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Wykel v. Commissioner of Social Security

United States District Court, D. South Carolina

September 13, 2019

Darrell Wykel, Plaintiff,
Andrew Saul, Commissioner of Social Security, [1] Defendant.



         This social security matter is before the court for a Report and Recommendation pursuant to Local Civil Rule 83.VII.02 (D.S.C.). The plaintiff, Darrell Wykel, brought this action pursuant to 42 U.S.C. §§ 405(g) and 1383(c)(3) to obtain judicial review of a final decision of the defendant, Commissioner of Social Security (“Commissioner”), denying his claims for Disability Insurance Benefits (“DIB”). Having carefully considered the parties' submissions and the applicable law, the court concludes that the Commissioner's decision should be reversed and remanded.


         Under 42 U.S.C. § 423(d)(1)(A) and (d)(5), as well as pursuant to the regulations formulated by the Commissioner, the plaintiff has the burden of proving disability, which is defined as an “inability to do any substantial gainful activity by reason of any medically determinable physical or mental impairment which can be expected to result in death or which has lasted or can be expected to last for a continuous period of not less than 12 months.” 20 C.F.R. § 404.1505(a); see also Blalock v. Richardson, 483 F.2d 773 (4th Cir. 1973). The regulations require the Administrative Law Judge (“ALJ”) to consider, in sequence:

(1) whether the claimant is engaged in substantial gainful activity;
(2) whether the claimant has a “severe” impairment;
(3) whether the claimant has an impairment that meets or equals the requirements of an impairment listed in 20 C.F.R. Part 404, Subpart P, Appendix 1 (“the Listings”), and is thus presumptively disabled;
(4) whether the claimant can perform his past relevant work; and
(5) whether the claimant's impairments prevent him from doing any other kind of work.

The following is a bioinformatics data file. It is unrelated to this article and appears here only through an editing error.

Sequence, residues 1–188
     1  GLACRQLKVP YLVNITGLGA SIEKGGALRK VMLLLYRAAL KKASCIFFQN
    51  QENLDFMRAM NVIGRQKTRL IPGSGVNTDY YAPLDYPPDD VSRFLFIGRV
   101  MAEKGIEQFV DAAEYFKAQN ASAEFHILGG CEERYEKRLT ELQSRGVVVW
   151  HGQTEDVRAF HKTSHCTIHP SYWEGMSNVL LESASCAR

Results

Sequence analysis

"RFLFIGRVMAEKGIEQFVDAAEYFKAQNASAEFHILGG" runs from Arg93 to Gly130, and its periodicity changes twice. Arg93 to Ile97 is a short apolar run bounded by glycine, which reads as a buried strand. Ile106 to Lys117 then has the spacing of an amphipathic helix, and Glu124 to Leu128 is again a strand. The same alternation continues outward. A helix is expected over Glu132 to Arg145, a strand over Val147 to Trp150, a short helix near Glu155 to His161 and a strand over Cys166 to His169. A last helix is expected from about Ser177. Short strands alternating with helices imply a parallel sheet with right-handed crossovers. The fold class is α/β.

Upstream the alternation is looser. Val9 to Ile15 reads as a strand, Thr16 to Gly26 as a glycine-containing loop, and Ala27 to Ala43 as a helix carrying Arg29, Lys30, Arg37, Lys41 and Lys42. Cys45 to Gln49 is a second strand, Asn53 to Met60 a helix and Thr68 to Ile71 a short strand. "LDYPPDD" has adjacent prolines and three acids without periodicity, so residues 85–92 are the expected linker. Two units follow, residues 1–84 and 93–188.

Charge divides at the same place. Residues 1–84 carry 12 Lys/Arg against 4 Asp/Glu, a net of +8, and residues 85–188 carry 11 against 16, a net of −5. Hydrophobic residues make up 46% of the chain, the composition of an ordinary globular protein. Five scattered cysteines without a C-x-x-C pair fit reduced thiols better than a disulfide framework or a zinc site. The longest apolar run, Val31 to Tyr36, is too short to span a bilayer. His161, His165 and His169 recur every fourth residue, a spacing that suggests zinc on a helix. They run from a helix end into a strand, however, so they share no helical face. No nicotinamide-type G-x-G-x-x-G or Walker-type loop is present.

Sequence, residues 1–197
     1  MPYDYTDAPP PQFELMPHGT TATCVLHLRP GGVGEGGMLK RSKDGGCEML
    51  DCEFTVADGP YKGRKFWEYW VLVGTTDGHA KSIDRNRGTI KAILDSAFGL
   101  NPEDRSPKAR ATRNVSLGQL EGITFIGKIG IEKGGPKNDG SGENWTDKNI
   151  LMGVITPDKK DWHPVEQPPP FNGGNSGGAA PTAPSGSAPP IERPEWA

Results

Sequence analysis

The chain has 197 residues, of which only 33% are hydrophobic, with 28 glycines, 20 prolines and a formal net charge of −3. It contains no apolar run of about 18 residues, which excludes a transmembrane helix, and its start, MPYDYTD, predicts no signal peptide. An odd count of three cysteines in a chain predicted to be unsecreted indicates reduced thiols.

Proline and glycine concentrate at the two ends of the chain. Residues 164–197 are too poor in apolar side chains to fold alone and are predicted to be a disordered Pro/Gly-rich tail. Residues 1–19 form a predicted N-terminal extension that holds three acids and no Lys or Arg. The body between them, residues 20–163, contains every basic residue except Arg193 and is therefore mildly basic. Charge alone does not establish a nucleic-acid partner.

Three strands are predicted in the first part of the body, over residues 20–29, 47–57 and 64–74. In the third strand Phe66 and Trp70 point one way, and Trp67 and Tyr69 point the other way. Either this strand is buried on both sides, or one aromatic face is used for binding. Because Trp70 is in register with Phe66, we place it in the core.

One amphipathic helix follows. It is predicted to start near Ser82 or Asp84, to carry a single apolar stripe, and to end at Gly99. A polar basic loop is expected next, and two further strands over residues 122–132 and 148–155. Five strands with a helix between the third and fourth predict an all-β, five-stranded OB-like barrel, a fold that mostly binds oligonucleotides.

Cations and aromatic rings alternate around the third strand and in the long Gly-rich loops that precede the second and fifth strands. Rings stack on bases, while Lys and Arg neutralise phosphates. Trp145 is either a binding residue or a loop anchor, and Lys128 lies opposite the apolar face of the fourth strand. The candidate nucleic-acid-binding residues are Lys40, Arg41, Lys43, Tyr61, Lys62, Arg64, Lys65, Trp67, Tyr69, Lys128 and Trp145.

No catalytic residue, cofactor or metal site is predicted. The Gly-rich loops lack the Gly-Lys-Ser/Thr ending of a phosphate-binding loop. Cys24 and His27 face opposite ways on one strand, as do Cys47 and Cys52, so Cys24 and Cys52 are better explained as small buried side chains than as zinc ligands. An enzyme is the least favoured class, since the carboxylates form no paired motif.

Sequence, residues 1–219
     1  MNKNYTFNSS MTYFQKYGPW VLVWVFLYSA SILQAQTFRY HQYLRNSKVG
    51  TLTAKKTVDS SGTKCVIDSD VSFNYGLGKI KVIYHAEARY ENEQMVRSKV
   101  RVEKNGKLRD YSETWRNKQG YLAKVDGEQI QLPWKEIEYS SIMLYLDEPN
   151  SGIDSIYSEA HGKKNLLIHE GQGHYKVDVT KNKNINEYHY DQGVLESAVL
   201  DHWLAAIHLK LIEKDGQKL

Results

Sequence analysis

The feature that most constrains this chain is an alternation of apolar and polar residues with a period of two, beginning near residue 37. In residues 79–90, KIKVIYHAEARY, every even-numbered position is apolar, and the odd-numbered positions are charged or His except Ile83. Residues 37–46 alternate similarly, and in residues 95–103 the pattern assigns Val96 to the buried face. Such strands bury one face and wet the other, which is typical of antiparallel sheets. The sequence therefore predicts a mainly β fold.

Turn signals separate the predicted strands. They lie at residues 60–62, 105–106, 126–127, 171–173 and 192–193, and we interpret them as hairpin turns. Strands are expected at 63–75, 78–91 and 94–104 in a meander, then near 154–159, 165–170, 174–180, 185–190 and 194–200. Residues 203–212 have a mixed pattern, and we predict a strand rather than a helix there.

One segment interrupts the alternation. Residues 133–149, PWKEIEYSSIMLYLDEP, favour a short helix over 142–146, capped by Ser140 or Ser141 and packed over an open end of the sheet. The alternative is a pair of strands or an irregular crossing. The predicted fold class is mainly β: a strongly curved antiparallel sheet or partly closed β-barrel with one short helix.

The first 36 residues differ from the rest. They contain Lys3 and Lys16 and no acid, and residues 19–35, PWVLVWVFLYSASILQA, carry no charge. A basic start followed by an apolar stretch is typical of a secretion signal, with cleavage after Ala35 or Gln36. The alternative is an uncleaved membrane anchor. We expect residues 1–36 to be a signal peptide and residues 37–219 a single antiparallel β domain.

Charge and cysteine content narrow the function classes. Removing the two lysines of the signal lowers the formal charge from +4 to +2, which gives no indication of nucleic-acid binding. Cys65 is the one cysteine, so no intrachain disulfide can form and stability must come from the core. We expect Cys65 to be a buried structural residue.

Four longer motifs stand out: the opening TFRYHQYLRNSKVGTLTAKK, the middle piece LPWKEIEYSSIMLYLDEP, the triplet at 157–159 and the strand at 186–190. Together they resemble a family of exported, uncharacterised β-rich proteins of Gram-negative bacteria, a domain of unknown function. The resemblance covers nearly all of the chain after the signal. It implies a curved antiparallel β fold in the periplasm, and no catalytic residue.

20 C.F.R. § 404.1520(a)(4).[2] If the ALJ can make a determination that a claimant is or is not disabled at any point in this process, review does not proceed to the next step. Id.

         Under this analysis, a claimant has the initial burden of showing that he is unable to return to his past relevant work because of his impairments. Once the claimant establishes a prima facie case of disability, the burden shifts to the Commissioner. To satisfy this burden, the Commissioner must establish that the claimant has the residual functional capacity, considering the claimant's age, education, work experience, and impairments, to perform alternative jobs that exist in the national economy. 42 U.S.C. § 423(d)(2)(A); see also McLain v. Schweiker, 715 F.2d 866, 868-69 (4th Cir. 1983); Hall v. Harris, 658 F.2d 260, 264-65 (4th Cir. 1981); Wilson v. Califano, 617 F.2d 1050, 1053 (4th Cir. 1980). The Commissioner may carry this burden by obtaining testimony from a vocational expert. Grant v. Schweiker, 699 F.2d 189, 192 (4th Cir. 1983).


         In August 2014, Wykel applied for DIB, alleging disability beginning April 25, 2014. Wykel's application was denied initially and upon reconsideration, and he requested a hearing before an ALJ. A hearing was held on May 16, 2017, at which Wykel appeared and testified and was represented by Paul T. McChesney, Esquire, and Mark Dunning, Esquire. After hearing testimony from a vocational expert, the ALJ issued a decision on October 23, 2017 finding that Wykel was not disabled from April 25, 2014 through the date of the decision. (Tr. 21-37.)

         Wykel was born in 1965 and was forty-nine years old on his alleged disability onset date. He has a high school education and past relevant work experience as a warehouse worker. (Tr. 200.) Wykel alleged disability due to degenerative disc of the lumbar spine, inflammatory arthritis, depression, and bronchitis. (Tr. 198.)

         In applying the five-step sequential process, the ALJ found that Wykel had not engaged in substantial gainful activity since his alleged onset date of April 25, 2014. The ALJ also determined that Wykel's degenerative disc disease; right knee internal derangement with tear and chondromalacia, status post-surgical repair; history of left shoulder surgery around 1998; asthma; major depressive disorder; intermittent explosive disorder; and borderline personality disorder were severe impairments. However, the ALJ found that Wykel did not have an impairment or combination of impairments that met or medically equaled the severity of one of ...

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